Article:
‘Still: A Michael J. Fox Movie’ Review: A Star’s Dignity
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‘Still: A Michael J. Fox Movie’ Review: A Star’s Dignity

Weaving together film clips, dramatic re-creations and interviews with the actor, this affecting documentary on Apple TV+ explores his life with Parkinson’s disease.

Fri, May 12, 2023 8:43amGrey Clock 3 min

This is probably less a critique than a thank-you note to director Davis Guggenheim and to the subject of “Still: A Michael J. Fox Movie,” a marriage of exhilaration and sadness and, despite the title, the most moving thing on television. Mr. Fox was one of Hollywood’s biggest stars when he was diagnosed in 1991 with Parkinson’s disease, which finally forced his full retirement in 2021. His sense of humour remains a wonder. Something most viewers will only have to wonder, fortunately, is whether they would maintain the same dignity under the same set of circumstances.

The title, “Still,” describes something the actor never seemed to be, as evidenced by the voluminous collection of film clips Mr. Guggenheim uses to structure much of the film—Mr. Fox was always running, from “Teen Wolf,” to “The Secret of My Success,” to “Bright Lights, Big City,” to the blockbuster “Back to the Future” franchise and in and out of “Family Ties,” the sitcom that established his comedy credentials and wide appeal. Much of the background action, as well as Mr. Fox’s early biography, is covered through dramatic re-creations and otherwise unconnected film scenes knitted into a coherent narrative. The research must have been strenuous; the editing, too. The pace is nonstop, the humour abundant, the devotion of Mr. Fox’s wife, actress Tracy Pollan, is made plain, and there’s no small amount of nostalgia in store for people who know and love the Fox filmography. But the heart and soul of the film are the face-to-face interviews, which are far less delicate than one might expect. And all the deeper for it.

Seven interviews were conducted over the span of a year, and at one point Mr. Fox and his director (an Oscar winner for “An Inconvenient Truth”) are getting back together after some time, the subject recounting how he basically had, in the interim, fallen and broken his face. Mr. Guggenheim reacts with alarm; his subject is almost blasé. “Gravity is real,” he says, laughing. “Even if you’re only falling from my height.” During a walk along Fifth Avenue with an aide, Mr. Fox is recognised by a fan and when he turns to say hello back, he topples to the sidewalk. “You knocked me off my feet,” he tells the passerby. Everyone smiles, but it breaks your heart.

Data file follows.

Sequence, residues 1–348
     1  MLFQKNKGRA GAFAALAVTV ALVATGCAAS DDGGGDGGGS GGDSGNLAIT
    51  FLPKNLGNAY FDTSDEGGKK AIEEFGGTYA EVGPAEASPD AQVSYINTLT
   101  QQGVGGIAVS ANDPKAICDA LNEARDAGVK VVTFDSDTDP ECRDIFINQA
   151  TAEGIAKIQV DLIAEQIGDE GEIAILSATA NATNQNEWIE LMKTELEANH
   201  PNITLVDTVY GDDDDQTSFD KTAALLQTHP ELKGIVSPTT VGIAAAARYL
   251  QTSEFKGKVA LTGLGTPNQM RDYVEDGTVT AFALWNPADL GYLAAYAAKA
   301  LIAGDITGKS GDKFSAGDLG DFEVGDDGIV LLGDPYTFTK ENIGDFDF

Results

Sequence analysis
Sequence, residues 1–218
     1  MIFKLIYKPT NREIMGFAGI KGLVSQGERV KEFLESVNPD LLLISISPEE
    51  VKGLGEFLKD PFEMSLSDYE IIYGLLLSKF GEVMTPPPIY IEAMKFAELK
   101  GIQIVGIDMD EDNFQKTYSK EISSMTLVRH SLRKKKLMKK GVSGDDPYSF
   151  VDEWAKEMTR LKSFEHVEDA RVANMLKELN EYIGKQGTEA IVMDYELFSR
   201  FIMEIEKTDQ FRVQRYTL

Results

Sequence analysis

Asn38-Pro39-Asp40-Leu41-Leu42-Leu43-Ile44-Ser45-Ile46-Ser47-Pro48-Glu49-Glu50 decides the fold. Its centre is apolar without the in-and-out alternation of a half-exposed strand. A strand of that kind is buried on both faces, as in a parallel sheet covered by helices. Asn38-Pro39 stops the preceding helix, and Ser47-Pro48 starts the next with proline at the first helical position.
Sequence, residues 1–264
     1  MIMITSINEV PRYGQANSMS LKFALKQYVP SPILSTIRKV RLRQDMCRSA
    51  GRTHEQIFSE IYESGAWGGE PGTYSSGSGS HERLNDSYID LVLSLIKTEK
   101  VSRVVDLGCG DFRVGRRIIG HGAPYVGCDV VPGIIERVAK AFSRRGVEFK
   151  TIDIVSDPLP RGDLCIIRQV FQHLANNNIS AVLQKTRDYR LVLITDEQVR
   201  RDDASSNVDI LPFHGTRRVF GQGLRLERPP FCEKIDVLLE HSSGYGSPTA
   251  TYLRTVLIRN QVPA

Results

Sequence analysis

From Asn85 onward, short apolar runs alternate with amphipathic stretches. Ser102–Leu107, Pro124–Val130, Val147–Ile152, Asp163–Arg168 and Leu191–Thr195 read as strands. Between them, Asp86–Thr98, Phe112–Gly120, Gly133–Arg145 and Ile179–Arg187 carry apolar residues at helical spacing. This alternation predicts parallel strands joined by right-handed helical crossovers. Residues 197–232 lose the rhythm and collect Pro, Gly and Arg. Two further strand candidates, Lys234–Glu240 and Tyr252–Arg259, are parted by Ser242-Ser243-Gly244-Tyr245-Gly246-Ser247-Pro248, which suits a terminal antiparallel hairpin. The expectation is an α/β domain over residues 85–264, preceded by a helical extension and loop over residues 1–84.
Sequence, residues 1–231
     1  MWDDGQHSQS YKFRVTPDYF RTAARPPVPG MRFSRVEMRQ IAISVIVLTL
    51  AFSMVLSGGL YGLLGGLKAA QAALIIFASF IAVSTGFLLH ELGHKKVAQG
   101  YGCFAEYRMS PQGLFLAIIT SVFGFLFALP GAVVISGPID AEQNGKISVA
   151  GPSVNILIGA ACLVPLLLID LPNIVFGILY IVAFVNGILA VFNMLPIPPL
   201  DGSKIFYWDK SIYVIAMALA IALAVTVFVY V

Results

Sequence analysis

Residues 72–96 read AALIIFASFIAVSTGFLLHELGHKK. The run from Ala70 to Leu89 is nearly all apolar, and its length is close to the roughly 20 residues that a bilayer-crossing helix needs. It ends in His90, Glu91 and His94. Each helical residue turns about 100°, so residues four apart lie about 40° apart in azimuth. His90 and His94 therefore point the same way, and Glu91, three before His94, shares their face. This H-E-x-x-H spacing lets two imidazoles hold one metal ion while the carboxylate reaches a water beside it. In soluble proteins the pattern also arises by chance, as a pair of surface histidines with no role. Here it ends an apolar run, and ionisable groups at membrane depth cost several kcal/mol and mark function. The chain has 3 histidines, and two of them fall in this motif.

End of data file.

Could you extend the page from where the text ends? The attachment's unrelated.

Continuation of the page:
“I can see in your eyes that you’ve got a great one-liner,” Mr. Guggenheim says to the actor at a point in their exchanges, “and then it has a problem getting to your mouth.” Mr. Fox doesn’t disagree; he doesn’t have to, and often lets a nonresponse compensate when a response would be thwarted by his ailment. As Mr. Guggenheim says, the predictable storyline in a Michael J. Fox movie now would be about a huge star getting a debilitating disease and being crushed by it. “Yeah,” Mr. Fox says, “that’s boring.” Nothing in “Still” is the least bit boring.

Nor is it preachy, or weepy, or looking for pity for its subject, who isn’t looking for any either. He does recall feeling at some point, post-diagnosis, that he was somehow reaping cosmic payback for the enormous if less-than-overnight success he had enjoyed after several seemingly immovable objections fell and he was cast in “Family Ties.” (His tales of Hollywood poverty are close to harrowing although, as he might say, he got over it.) If there’s a flaw in “Still,” it might be Mr. Fox’s reluctance to discuss his physical agony or the psychic struggle that comes with Parkinson’s. (“The worst thing is to be confined,” he says, answering one of Mr. Guggenheim’s very direct questions. “To have no way out.”) You come close, Mr. Guggenheim says about Mr. Fox discussing his pain, “and then you dart away.” But that is a principal reason his subject, and film, are so involving and watchable and rich.


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Concern about electric vehicles’ appeal is mounting as some customers show a reluctance to switch

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Auto dealers across many parts of the country say electric vehicles are becoming too hard a sell for buyers worried about the range, reliability and price of these models.

When Paul LaRochelle heard Ford Motor was coming out with an electric pickup truck, the dealer was excited about the prospects for his business.

“We thought we could build a million of them and sell them,” said LaRochelle, a vice president at Sheehy Auto Stores, which sells vehicles from a dozen brands in Virginia, Maryland and Washington, D.C.

The reality has been less positive. On Sheehy’s car lots, LaRochelle says there is a six- to 12-month supply of EVs, compared with a month of gasoline-powered vehicles.

With automakers set to release a barrage of new electric models in the coming years, concerns are mounting among auto retailers about whether the technology will have broader appeal given that many customers are still reluctant to make the switch.

Battery-powered models have been piling up on car lotsdealers say, as EV sales growth has slowed in the U.S. this year. Car companies have been offering a combination of discounts and lower interest-rate deals in an effort to juice demand. But it hasn’t been enough, because buyer reticence extends beyond the price tag, dealers say.

“I’m not hearing the consumer confidence in the technology,” said Mary Rice, dealer principal at Toyota of Greensboro in North Carolina. “People aren’t beating down the door to buy these things, and they all have a different excuse why they aren’t buying one.”